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Marler Blog Providing Commentary on Food Poisoning Outbreaks & Litigation

Listeria Cantaloupe Outbreak – So, who was right FDA or Primus Labs in the Jensen Farm Audit?

Audit.jpgElizabeth Weise, USA TODA just posted a few moments ago “Listeria-linked farm had rated high in third-party audit.” The whole story is worth a read, but here are my favorite parts:

Here are the FDA concerns about the Jensen Farms packing house from its inspections done on Sept. 22 and 23 (2011), followed by quotes from the Primus audit report from July 25, 2011.

FDA: “The packing facility’s design allowed water to pool on the floor near equipment and employee walkways.”

Primus audit: “Are floor surfaces in good condition, with no standing water, no debris trapping cracks and are they easy to clean? Total Compliance.” 10 of 10 points.

FDA: “The packing facility floor was constructed in a manner that made it difficult to clean.”

Primus audit: “Are the floor drains where they are needed for drainage and cleanup? Total Compliance.” 5 of 5 points.

FDA: “The design of the packing facility equipment, including equipment used to wash and dry the cantaloupe, did not lend itself to be easily or routinely cleaned and sanitized. Several areas on both the washing and drying equipment appeared to be uncleanable, and dirt and product buildup was visible on some areas of the equipment, even after it had been disassembled, cleaned and sanitized.”

Primus audit: “Does equipment design and condition (e.g. smooth surfaces, smooth weld seams, non-toxic materials, no wood) facilitate effective cleaning and maintenance?” Total Compliance.” 10 of 10 points.

Seattle food safety lawyer Bill Marler, whose firm is representing the families of nine people who died in the outbreak and 26 who where sickened, said he has never sued a third-party audit firm but is thinking this might be the time to do it.

The auditing companies not only get paid by the people they’re auditing, but insulate themselves from liability through their contracts, Marler said.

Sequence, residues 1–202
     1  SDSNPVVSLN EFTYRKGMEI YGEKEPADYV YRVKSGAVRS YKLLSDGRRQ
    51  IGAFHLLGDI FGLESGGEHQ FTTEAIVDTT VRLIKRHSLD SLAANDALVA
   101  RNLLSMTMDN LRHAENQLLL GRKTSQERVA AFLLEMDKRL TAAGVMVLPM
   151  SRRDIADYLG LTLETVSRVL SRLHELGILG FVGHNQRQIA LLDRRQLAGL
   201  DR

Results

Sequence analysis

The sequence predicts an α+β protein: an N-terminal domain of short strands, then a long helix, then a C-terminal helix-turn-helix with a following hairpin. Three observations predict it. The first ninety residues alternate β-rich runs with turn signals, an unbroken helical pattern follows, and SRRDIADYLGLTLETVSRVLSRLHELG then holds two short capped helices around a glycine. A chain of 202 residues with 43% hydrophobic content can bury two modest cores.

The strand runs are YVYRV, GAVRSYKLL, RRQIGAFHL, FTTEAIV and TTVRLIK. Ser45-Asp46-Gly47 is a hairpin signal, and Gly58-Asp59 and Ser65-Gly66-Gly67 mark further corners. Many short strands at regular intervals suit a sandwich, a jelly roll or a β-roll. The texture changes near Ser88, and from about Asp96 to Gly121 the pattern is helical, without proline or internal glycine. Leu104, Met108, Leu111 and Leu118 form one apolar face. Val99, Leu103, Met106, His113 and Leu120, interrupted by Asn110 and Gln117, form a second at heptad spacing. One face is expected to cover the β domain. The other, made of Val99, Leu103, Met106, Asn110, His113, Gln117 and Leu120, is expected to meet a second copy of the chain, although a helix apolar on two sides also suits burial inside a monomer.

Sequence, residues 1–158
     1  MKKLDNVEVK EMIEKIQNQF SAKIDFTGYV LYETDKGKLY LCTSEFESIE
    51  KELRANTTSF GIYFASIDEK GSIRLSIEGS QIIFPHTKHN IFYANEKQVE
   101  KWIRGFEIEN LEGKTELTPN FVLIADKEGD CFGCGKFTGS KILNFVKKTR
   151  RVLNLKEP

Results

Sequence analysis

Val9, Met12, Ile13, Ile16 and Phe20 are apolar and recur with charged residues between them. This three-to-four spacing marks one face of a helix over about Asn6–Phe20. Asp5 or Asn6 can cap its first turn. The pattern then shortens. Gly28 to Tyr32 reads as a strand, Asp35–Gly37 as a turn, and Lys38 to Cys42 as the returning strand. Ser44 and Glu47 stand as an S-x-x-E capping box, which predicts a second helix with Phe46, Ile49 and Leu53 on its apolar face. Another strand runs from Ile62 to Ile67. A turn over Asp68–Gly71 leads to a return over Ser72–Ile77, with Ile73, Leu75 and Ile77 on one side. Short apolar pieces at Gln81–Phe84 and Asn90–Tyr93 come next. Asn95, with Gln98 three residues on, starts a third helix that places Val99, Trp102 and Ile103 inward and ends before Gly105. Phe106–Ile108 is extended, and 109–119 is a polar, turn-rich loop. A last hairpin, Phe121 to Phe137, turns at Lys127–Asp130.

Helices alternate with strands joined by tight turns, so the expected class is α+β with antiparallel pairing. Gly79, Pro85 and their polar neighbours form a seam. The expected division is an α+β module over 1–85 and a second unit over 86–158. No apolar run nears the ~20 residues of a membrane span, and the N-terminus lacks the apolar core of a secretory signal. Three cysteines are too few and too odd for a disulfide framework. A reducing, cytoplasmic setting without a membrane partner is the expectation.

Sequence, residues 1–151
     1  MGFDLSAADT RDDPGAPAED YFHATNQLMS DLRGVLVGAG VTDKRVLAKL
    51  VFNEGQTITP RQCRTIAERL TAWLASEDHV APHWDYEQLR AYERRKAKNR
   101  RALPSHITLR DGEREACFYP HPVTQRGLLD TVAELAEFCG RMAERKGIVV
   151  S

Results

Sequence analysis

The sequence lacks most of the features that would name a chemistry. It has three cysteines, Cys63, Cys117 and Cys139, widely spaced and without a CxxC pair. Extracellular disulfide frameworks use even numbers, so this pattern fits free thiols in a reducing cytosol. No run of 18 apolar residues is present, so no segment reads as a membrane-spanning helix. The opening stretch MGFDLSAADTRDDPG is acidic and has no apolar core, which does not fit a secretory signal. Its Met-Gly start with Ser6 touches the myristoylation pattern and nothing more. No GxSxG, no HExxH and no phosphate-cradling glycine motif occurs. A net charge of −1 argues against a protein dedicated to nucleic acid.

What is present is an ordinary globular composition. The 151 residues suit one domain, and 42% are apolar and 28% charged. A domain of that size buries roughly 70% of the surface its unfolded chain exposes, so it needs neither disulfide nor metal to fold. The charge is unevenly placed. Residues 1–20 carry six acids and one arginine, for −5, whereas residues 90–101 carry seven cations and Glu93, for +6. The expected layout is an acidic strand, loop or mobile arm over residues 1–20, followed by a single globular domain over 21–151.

“Basically (the contracts) say something to the effect that., ‘Yeah, we’re auditing you, but we’re not responsible if something goes bad.'”

Primus Labs – something went really bad. There are nearly 125 who were sickened and 25 or more who have died. And, you “gave the Jensen Farms packing house in Granada, Colo. a “superior” rating.

  • Anonymous

    It’s way past time for someone to call out the third party audit system as a whole.
    Anonymous, because I have to administer these things for my employer. I can testify that they add virtually no value to the safety of our food supply.

  • Theresa Kentner

    So they had a 3rd Party Audit. To whose standards, Primus’ own standards, or some recognized body?

  • There is a significant difference between the traditional 3rd party audit, Primus at Jensen, AIB at Wright County Egg and Peanut Corporation of America and a 3rd party certification audit (SQF, BRC etc.). In a traditional 3rd party audit the auditing firm does want the audit report to jeopardize future auditing opportunities. In the 3rd party certification audit the auditing firm does not want to miss things in the audit that could jeopardize their sanction from the certifying agency (SQF, BRC, etc.). The Global Food Safety Initiative and the 3rd party certification audits are a step in the right direction with regards to food safety.

  • Anonymous

    Is not the first time that Primus Labs has been involded in such situations, anonymous because one time ago I suggest them to improving the way they do audits, that audits does not appear food safety audits, I have saw auditors following like maintenance audits, No food safety. They were upset with me, they said We have lots of clients and we are not going to change the way we do audits. So, I just got away…probably they are afraid to make changes, the marketing is very well, but the service is not well done.